I mentioned briefly after getting home from the farm this summer that I wanted to try to stretch myself a little more, sustainability-wise. We do lots of things to live sustainably, but after living nearly off the grid, my enthusiasm and imagination were sparked!
With a fire in my belly, I made a list of all the things I wanted us to start doing (or stop doing, as the case may be).
The first order of business was taking note of everything we threw away for one week to see how we could reduce our waste.
Compost! The majority of our kitchen trash was food waste, which I’d always felt a twinge of guilt about since we had a compost a few years ago (when we had a yard) and it was such an easy peasy way of throwing less biodegradable food waste into a landfill. We tried composting on our back porch two years ago, but it met a tragic (smelly, leaky) end. This time, we got a worm compost bin that we have high hopes for. It’s a little more involved than I expected, but I’m hopeful that it’ll be successful. If nothing else, Gabe has his first pet: worms. Poor Gabe.
Buy coffee wholesale in paper bags. We’ve bought our coffee from Trader Joes for years. It’s a great price for fair trade, organic coffee, but we’re left with a canister and nonrecyclable plastic lid every week or two. In doing our waste inventory, I realized it was a regular source of trash. It was so easy to get a five-pound bag of coffee beans from Dean’s Beans (who have a swoon-worthy sustainability strategy) and the bag is just recyclable paper. Less waste, more delicious coffee. Why didn’t we do this sooner?
Start using the Diva Cup again. (What the heck is a Diva Cup? See what Caitlin wrote. She was far more frank and comprehensive than I could ever hope to be.) I know. I KNOW. The idea freaked me out entirely when I first heard about it 6 years ago. And I’ve never even discussed the topic on my blog because it’s so personal (and my family reads this blog), but I had to share. I used it for three years before Gabe (cannot say enough good things about it!), but have been off and on since. Now I’m back in the game. (Since we’re getting all TMI, you can read about Lunapads, too. I have some.)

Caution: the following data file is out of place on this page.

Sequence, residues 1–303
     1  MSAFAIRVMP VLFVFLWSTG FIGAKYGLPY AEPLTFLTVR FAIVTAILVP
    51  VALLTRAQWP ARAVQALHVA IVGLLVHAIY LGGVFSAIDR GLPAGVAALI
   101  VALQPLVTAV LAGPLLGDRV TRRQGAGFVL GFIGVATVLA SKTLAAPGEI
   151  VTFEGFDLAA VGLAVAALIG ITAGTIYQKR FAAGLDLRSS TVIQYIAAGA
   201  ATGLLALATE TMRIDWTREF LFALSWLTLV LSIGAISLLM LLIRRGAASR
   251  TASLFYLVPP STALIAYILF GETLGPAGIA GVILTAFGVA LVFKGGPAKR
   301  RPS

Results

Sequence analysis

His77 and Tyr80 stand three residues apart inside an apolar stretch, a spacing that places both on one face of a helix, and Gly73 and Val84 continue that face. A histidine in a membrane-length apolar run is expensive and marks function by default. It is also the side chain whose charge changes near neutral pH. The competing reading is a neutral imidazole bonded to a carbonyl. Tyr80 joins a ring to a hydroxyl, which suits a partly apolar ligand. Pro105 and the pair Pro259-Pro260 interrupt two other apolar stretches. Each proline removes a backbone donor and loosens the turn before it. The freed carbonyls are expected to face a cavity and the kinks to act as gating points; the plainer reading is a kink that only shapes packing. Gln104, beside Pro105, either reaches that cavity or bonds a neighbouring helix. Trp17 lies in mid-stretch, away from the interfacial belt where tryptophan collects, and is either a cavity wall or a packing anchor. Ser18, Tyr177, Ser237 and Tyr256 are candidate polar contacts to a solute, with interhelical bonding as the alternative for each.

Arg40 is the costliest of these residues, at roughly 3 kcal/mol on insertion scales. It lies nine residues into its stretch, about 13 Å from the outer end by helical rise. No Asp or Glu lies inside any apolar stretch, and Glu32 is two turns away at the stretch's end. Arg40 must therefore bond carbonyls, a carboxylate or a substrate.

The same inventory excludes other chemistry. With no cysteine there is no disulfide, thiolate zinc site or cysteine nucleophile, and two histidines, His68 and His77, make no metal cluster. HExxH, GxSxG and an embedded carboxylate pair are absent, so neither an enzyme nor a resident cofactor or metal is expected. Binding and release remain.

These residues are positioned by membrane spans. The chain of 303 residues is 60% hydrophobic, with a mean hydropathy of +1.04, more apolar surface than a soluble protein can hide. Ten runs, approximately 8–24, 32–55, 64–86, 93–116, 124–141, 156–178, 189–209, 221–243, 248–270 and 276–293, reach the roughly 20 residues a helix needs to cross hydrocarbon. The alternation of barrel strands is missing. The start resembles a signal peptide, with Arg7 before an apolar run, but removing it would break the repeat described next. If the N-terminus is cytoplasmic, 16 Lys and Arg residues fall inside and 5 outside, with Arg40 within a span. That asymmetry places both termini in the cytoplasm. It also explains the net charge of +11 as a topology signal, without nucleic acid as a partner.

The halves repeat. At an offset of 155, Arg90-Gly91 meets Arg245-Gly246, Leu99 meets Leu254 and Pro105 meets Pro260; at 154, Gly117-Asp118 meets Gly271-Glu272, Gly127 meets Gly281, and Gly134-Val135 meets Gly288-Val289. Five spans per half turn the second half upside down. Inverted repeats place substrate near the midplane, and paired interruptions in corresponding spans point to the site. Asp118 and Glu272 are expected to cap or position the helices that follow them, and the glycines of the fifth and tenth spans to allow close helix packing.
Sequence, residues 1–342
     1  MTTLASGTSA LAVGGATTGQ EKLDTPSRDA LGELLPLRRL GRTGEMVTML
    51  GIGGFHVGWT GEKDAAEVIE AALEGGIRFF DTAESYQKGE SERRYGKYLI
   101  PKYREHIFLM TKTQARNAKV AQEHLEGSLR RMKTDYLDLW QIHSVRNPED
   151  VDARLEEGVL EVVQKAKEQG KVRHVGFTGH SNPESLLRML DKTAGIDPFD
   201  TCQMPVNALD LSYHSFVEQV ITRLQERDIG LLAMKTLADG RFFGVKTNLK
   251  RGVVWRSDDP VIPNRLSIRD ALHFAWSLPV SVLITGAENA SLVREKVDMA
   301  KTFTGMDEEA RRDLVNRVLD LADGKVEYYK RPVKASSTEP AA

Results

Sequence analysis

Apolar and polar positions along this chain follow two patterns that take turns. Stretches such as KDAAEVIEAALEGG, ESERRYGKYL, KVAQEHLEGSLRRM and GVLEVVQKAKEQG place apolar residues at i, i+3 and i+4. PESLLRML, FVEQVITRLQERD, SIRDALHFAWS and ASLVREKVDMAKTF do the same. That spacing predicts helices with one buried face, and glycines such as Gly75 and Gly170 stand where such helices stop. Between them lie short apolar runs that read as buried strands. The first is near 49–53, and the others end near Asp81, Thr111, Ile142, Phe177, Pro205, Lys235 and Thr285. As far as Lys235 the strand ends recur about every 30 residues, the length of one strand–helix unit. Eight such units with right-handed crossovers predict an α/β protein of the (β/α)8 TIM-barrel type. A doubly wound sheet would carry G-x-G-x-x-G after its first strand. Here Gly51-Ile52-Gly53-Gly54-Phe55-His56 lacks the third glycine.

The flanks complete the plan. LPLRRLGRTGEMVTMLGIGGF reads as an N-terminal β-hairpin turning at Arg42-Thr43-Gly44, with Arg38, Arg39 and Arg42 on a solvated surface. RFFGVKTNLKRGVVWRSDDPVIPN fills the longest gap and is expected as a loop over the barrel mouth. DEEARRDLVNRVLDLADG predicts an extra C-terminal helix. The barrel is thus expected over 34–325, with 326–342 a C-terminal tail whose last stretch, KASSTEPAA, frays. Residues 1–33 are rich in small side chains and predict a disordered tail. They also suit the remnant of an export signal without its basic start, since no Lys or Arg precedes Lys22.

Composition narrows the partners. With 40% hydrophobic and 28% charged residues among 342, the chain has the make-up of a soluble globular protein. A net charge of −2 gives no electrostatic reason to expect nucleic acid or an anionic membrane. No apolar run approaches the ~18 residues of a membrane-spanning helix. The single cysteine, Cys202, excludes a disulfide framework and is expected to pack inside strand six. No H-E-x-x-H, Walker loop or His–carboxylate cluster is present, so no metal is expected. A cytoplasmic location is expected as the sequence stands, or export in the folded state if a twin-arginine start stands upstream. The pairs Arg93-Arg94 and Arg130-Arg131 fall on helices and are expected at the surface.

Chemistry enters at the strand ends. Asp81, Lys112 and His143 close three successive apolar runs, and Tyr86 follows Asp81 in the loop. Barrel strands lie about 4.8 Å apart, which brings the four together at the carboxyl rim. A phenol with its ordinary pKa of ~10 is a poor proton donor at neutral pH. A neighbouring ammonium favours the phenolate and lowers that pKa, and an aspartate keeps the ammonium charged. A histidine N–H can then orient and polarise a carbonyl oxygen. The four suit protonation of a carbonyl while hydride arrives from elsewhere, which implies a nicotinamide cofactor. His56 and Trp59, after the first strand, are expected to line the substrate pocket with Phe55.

Buy milk in glass jugs. Our grocery store carries milk from a local dairy in returnable glass jugs.
Cooking more and relying less on frozen, heavily packaged foods. Make granola, ketchup, applesauce, and yogurt. Gabe is obsessed with ketchup. Mike is obsessed with homemade granola. I am obsessed with granola and homemade yogurt. My plan is pick a bunch of apples from a local orchard and make massive amounts of applesauce to jar. Applesauce is so easy to make. The more I can make in bulk and freeze myself, the healthier we eat and the less waste I create.
Bulk food. Do it.
Find peanut butter in bulk. This has been on my to-do list for ages. Not sure what we’ll find – a giant tub? From the bulk food store in our own jar? Could I be any more hippie right now? Perhaps if I was looking for almond butter with chia seeds?
My goal for our waste is to throw away only one garbage bag of trash a month (we have about 4 now, I think). Still not as cool as the Johnsons, but we’re getting there.
Hang dry all laundry. I’ve hung Gabe’s diapers outside to dry for ages, but I’ve decided to stop using the dryer almost entirely for laundry. It only takes a few more minutes to hang it on our drying rack (or drape it all over our bikes, chairs, and ping pong table on the back porch) and it’s something I don’t mind doing. I’ll get another rack for the winter. Our heat comes out with a crazy amount of force, so I can dry clothes indoor in the winter. Of course, if I need something fast or am just feeling impatient, I’ll use the dryer.
No air conditioning unless it’s over 80 degrees inside our apartment (or if I’m feeling particularly crabby). Our apartment is generally around 78 degrees inside without air conditioning when it’s 90-100 degrees outside. It’s comfortable for us. I actually like feeling the summery weather, and a couple of fans help to keep it comfortable. As does not wearing pants. Soon enough we’ll be turning on the heat, so I sort of want to soak up summer. (Bonus: our electricity bills have been lower!)
. . . . . .
I know these little things won’t change the world. I see the enormous amount of trash my apartment building generates every day and feel a little discouraged. What does one little family reducing its waste or energy consumption do?
But even if I am not making a massive difference, I am living my life more in line with my values, which gives me a sense of peace and knowing that I am not doing everything, but I can do some things. And we’re passing those values on to our son, which I love.